Pitcairlie House History

/Pitcairlie House History
Pitcairlie House History 2017-06-18T19:44:25+00:00

The lands of Petcarlings originally formed part of the Barony of Abernethy. In 1312, the lands passed into the ownership of the Leslie family, Earls of Rothes, when Sir Andrew Leslie married the daughter of Sir Alexander Abernethy. Sir Alexander had been a supporter of Robert the Bruce, but had later espoused the cause of Edward I and commanded the English garrison at Dundee.

Pitcairlie House dates from the early 16th century and may have been the original home of the Leslies of Pitcairlie. The tower was probably built around 1550 by George Leslie, 3rd Earl of Rothes. The strength of the ground floor vaulting and the thickness of the walls, together with the position of the house on an elevated ridge protected on two sides by the loch and on the other two sides by the burn and glen to form a moat, suggest it was created in a defensive role. The 4th Earl of Rothes granted Pitcairlie to his second son, Sir Patrick Leslie, who afterwards became 1st Lord of Lindores in 1600.

The most famous person connected with the house was a son of Sir Patrick Leslie, namely Major General David Leslie, who was born at Pitcairlie. Having served in the army of Gustavaus Adolphus, he commanded the Scottish forces in the days of the Covenant. During the Civil War, he fought on both sides, at one time leading a dashing cavalry charge which was prominent in deciding the Battle of Marston Moor for Cromwell in 1644.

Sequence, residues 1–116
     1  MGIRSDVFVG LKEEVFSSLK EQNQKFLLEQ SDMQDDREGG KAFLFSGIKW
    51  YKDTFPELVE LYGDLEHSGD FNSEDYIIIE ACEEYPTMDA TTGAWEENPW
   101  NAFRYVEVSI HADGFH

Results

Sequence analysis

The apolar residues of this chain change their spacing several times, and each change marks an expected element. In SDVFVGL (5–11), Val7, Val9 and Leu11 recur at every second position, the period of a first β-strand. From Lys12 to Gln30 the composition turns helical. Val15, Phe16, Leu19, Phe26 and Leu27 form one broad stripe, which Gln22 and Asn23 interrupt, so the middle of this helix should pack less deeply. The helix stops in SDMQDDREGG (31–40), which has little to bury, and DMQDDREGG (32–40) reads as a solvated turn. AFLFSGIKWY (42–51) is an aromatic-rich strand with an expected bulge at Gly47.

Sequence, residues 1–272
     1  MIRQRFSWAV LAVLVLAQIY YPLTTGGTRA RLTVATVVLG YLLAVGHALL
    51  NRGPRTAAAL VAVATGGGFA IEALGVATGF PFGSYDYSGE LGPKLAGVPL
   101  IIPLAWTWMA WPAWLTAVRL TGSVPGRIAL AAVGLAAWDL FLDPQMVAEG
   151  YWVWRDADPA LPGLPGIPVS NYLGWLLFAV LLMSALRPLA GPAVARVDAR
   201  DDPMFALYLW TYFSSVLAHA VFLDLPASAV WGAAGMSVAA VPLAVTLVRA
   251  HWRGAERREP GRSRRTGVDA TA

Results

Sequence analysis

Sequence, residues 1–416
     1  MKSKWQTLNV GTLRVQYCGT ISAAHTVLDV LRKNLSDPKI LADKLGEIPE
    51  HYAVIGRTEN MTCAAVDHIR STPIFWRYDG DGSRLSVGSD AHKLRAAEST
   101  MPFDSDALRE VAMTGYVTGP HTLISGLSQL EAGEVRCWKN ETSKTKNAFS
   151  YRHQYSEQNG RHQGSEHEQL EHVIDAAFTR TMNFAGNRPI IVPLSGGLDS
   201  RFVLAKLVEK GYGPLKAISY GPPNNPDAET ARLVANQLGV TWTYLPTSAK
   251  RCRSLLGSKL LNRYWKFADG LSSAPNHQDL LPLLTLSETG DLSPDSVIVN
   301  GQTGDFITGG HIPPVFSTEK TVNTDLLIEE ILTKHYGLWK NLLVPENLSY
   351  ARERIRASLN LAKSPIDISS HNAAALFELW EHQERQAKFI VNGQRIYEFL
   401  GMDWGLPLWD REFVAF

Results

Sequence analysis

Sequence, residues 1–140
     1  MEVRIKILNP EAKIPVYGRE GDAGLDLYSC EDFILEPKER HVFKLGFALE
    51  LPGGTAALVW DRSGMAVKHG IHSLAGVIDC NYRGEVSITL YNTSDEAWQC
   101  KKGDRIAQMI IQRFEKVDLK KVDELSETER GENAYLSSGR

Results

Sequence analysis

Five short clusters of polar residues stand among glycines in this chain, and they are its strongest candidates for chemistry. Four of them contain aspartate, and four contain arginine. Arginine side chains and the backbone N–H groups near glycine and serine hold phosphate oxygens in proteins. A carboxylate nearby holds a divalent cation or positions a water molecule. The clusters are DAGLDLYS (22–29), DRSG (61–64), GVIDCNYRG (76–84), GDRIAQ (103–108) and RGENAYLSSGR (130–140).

Later in the conflict, he rose to the rank of Commander-in-Chief of the royalist forces and shared in Charles I’s defeat at Worcester in 1651. He was imprisoned thereafter, but was created Lord Newark at the Restoration.

Another son of Sir Patrick Leslie became 2nd Lord of Lindores, but his death in 1649 left the estate in financial disarray. This led to the Court of Session granting Pitcairlie to a creditor, John Bayne, in 1667, thus ending 355 years of ownership by the Leslie family.

In the mid-18th century, Pitcairlie was acquired by Colonel James Cathcart of Carbiston, whose family retained the estate until the mid-1960s. There were several notable members of this family, including Major James Cathcart, who had a distinguished miltary career in India; Captain Robert Cathcart, who served with distinction under Nelson at the Battle of the Nile and in the Baltic; and Robert Cathcart, who was appointed Vice-Lieutenant of Fife in 1886.